“However, depriving people of their liberty for the wider public good is often contentious and needs to be handled carefully. If quarantine is essential, then our results suggest that officials should take every measure to ensure that this experience is as tolerable as possible for people. This can be achieved by: telling people what is happening and why, explaining how long it will continue, providing meaningful activities for them to do while in quarantine, providing clear communication, ensuring basic supplies (such as food, water, and medical supplies) are available, and reinforcing the sense of altruism that people should, rightly, be feeling,” the review said.

Boredom and isolation will cause distress, hence, people who are quarantined should be advised about what they can do to stave off boredom and provided with practical advice on coping and stress management techniques, it added.

On a more individual level, there is plenty we can do to insulate ourselves from the ramifications of being restricted within the walls of our homes. Every expert BusinessLine spoke with reiterated the importance of regular sleep, healthy eating practices, yoga and meditation. Limiting engagement in social media to access important information and updates about the virus, whilst ensuring that only authentic sources are relied on is also another indispensable factor, they said.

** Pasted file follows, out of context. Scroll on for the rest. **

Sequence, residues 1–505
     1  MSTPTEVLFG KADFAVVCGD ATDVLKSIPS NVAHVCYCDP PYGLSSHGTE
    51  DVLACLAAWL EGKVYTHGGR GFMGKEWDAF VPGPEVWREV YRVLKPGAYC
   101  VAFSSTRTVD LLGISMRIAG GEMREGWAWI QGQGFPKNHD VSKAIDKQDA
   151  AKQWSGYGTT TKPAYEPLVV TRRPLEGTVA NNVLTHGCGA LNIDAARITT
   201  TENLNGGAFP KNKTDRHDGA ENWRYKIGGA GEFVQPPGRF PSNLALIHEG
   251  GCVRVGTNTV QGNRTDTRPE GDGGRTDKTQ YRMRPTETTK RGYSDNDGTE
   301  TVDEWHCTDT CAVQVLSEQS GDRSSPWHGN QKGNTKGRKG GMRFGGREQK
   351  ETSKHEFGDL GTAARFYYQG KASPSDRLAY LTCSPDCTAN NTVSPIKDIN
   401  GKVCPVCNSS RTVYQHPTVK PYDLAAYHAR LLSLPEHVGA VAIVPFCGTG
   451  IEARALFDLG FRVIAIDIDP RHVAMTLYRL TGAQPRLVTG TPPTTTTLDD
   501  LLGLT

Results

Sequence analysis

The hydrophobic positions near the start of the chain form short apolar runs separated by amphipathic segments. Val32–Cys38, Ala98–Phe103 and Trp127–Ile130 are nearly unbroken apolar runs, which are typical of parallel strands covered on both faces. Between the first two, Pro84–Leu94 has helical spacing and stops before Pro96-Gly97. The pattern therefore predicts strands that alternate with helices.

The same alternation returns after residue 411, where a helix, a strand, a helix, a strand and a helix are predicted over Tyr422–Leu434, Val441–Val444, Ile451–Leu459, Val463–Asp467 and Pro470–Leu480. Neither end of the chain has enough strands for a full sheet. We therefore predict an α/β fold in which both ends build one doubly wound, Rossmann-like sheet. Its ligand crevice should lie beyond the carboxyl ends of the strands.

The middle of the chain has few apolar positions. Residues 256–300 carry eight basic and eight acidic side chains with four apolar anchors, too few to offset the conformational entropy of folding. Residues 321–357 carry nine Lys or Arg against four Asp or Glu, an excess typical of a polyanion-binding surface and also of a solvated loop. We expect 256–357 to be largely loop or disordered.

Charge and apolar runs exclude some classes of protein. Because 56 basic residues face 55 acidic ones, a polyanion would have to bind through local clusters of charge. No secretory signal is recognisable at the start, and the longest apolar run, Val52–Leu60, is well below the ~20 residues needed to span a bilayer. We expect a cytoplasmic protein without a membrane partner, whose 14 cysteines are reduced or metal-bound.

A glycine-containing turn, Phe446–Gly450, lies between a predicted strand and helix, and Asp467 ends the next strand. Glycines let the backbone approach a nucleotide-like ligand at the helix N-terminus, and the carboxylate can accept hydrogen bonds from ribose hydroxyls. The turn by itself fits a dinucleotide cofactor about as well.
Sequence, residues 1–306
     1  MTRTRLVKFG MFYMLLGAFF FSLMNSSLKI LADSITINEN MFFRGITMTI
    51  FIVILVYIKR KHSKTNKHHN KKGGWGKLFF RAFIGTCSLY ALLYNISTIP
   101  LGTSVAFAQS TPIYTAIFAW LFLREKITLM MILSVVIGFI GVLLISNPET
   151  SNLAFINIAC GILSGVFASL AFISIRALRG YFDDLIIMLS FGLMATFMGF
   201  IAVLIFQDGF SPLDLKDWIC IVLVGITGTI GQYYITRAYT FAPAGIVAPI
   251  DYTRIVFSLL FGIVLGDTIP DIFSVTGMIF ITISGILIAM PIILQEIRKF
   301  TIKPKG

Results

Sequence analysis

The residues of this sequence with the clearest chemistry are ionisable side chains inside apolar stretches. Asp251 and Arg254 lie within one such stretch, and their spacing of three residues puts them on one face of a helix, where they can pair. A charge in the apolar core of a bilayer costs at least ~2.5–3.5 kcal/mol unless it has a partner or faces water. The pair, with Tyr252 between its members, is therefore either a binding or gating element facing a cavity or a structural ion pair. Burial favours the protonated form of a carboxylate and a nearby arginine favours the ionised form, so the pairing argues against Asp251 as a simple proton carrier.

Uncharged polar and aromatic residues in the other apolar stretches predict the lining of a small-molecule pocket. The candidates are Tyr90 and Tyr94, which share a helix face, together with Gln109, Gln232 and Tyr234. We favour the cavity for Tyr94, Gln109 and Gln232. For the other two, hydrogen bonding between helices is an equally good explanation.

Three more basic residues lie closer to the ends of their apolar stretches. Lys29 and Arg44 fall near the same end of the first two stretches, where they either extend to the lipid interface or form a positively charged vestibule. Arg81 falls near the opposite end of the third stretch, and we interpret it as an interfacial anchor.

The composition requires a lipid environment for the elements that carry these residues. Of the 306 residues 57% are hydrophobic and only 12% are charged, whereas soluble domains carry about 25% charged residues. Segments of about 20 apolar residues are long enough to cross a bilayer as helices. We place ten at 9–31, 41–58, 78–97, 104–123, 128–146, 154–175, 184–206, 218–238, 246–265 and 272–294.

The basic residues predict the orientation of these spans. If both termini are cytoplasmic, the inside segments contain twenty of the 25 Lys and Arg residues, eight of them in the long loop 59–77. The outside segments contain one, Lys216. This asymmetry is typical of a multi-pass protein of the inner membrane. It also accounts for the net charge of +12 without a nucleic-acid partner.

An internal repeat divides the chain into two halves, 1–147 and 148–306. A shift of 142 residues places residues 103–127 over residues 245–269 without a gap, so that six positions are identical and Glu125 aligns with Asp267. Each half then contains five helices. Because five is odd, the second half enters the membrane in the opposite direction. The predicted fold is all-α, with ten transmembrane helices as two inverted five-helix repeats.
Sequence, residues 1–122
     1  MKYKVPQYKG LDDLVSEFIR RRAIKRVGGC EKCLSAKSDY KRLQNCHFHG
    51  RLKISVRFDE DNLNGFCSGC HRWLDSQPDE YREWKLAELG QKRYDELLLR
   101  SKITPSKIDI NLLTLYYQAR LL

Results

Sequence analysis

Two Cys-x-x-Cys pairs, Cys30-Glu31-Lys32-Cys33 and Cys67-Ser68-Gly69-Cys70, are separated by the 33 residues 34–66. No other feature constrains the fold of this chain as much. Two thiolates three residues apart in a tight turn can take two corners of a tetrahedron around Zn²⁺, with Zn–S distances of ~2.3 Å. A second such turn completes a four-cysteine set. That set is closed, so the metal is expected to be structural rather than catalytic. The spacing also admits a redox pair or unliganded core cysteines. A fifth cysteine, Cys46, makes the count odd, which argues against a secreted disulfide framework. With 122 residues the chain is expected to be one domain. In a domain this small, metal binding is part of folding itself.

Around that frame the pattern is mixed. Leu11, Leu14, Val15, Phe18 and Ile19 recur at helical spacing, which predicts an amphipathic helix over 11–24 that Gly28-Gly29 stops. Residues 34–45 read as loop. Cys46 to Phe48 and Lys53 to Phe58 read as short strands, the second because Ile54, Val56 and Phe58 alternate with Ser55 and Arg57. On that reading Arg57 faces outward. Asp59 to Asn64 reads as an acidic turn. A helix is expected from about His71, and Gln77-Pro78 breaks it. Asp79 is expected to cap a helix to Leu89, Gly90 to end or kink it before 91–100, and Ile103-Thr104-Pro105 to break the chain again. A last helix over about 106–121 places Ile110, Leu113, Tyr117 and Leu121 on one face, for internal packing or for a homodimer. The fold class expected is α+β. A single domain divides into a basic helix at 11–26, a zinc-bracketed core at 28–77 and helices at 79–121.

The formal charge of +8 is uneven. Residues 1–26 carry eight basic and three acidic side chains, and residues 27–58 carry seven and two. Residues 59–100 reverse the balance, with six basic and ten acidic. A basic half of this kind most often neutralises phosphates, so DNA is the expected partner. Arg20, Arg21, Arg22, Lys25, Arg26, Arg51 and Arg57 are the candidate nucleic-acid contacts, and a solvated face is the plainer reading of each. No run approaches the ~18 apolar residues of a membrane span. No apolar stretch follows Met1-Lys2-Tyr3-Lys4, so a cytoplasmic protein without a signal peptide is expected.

People can also use this time to introspect and reflect about their priorities in life and its direction, said Bhat. “It's also the time to be with yourself and your loved ones. Use this time to grow in some way - learn a new skill, learn a new language, read, draw, learn the guitar, write the book you have always wanted to write.”

To be sure, Sir Isaac Newton made some of his greatest discoveries, including gravity, when he was sent home from Cambridge when the Great Plague hit London.

Acknowledging the distress and ensuring communication with family and friends is important, said Babu. “Making communication with family members about the disturbing thoughts would give clarity in thinking and help in making a better strategy,” he said.

Routine building is another strategy he pointed out. While working from home, it is important for the family members to build a productive routine, engage in activities like music, meditation, playing indoor games, watching movies together etc., said Babu. “Keep up good connectedness with friends and distant family members through digital platforms. Practice social distancing but not emotional distancing,” he added.

The silver lining could also be that, given the technology we are equipped with, this is probably the best time in history to be quarantined, a sentiment echoed by experts.

Published on March 26, 2020